Colin Kaepernick was among 1,133 players and agents whose personal information was exposed due to a misconfigured online database operated by the NFL Players Association, according to an internet security company.
Kaepernick, who was the target of death threats last year as he knelt during the national anthem to call attention to racial inequality, had information such as his home address and cell phone number compromised. Kaepernick is currently a free agent.
Forbes was the first to report the breach.
The Kromtech Security Center wrote on its website that “anybody with Internet connection could have accessed the database,” which the Germany-based firm said apparently had been seized upon by cyber criminals as part of a ransomware attack. Somebody left a message on the compromised NFLPA database in February asking for .01 BitCoin (about $427).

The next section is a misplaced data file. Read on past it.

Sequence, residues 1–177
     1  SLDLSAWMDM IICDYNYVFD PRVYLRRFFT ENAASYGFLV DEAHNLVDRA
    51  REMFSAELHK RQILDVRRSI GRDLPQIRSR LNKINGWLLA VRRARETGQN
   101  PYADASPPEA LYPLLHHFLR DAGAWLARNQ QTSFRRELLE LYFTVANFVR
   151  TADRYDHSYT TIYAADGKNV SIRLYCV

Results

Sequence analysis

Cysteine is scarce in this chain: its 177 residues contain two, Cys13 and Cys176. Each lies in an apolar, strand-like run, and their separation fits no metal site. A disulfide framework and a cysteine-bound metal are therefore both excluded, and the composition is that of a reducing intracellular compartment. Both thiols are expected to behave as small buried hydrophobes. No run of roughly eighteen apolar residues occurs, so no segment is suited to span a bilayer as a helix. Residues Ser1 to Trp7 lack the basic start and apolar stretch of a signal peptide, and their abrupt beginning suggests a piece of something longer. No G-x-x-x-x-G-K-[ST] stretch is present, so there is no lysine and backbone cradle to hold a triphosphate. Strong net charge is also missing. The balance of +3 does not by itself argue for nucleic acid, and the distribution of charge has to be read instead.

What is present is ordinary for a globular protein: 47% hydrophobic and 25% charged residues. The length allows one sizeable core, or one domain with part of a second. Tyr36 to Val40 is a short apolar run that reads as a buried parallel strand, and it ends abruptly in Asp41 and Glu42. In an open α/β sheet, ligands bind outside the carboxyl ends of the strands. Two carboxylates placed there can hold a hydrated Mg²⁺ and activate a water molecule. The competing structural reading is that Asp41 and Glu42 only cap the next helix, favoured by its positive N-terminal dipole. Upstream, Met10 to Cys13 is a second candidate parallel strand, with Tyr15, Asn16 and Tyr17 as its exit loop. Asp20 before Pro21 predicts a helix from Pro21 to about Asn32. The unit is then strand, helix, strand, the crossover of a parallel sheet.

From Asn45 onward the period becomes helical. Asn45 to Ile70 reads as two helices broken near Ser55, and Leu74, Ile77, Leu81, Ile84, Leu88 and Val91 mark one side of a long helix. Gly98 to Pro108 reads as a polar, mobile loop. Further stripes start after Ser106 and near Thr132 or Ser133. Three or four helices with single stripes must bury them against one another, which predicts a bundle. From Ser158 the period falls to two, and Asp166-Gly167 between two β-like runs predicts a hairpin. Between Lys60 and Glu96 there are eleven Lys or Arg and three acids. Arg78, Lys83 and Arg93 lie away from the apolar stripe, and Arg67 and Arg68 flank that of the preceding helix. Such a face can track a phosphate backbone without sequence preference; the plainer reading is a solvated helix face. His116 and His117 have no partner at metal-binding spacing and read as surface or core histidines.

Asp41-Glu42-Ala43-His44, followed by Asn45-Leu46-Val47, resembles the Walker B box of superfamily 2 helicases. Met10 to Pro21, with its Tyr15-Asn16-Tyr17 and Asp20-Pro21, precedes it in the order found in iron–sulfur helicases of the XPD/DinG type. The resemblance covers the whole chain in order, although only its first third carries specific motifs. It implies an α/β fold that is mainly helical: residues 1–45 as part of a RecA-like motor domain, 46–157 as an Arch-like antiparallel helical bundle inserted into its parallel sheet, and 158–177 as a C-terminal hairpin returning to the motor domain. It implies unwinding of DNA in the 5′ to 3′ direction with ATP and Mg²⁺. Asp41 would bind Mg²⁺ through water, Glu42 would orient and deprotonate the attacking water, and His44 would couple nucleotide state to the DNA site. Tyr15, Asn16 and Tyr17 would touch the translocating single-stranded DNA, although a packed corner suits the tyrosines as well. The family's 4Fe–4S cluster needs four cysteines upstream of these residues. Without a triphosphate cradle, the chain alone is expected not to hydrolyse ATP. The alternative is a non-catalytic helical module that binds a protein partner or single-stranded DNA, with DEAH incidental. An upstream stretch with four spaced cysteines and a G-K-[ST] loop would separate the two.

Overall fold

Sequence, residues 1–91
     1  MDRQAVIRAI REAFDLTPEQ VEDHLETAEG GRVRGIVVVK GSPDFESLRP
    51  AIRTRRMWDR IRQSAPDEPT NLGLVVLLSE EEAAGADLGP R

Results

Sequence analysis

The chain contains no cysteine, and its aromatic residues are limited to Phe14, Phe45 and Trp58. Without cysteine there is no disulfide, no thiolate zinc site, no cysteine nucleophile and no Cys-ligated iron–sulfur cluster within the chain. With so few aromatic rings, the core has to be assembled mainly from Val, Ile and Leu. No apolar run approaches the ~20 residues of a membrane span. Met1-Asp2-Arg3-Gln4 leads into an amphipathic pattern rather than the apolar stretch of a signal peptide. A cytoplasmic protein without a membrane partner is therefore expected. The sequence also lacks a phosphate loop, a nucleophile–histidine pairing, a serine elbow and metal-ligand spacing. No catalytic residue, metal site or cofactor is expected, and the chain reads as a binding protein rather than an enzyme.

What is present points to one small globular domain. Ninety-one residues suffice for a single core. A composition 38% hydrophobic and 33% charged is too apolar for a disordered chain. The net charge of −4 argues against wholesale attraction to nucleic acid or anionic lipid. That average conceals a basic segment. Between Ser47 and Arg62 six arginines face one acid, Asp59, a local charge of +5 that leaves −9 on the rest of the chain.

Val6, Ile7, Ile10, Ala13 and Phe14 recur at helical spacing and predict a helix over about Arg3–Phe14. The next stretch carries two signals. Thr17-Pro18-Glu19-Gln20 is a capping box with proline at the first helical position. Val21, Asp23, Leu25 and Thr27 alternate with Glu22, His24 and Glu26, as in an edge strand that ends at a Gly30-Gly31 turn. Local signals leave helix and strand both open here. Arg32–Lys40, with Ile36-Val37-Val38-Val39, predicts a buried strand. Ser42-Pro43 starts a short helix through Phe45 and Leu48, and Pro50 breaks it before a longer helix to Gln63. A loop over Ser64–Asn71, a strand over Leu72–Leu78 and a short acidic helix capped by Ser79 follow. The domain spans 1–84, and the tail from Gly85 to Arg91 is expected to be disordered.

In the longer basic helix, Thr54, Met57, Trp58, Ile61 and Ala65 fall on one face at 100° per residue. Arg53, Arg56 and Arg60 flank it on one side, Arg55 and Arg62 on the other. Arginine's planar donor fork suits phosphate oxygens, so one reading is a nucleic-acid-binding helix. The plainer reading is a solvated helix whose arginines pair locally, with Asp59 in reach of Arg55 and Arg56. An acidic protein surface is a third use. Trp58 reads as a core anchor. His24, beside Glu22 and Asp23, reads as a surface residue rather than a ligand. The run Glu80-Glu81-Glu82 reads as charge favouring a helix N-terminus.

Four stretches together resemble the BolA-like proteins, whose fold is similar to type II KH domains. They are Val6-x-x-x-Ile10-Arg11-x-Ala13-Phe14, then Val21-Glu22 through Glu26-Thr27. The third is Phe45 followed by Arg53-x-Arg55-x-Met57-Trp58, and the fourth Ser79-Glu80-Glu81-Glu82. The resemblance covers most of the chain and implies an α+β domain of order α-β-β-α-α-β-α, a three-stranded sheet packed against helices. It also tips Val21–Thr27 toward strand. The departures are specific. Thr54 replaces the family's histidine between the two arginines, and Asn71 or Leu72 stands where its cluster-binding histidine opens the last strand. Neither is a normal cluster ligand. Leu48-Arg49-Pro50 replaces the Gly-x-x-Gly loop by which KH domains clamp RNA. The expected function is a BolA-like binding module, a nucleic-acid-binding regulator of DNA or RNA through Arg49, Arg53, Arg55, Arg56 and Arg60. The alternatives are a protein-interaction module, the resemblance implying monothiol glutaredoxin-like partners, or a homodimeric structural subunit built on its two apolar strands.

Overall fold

“IF PAYMENT IS NOT MADE WITHIN 120 HOURS WE WILL LEAK THE DATABASE TO PUBLIC,” the message uncovered by Kromtech read.
Nobody had paid the ransomware demand as of this week.
NFLPA spokesperson George Atallah declined to comment on the alleged breach of information when reached by USA TODAY Sports on Tuesday.
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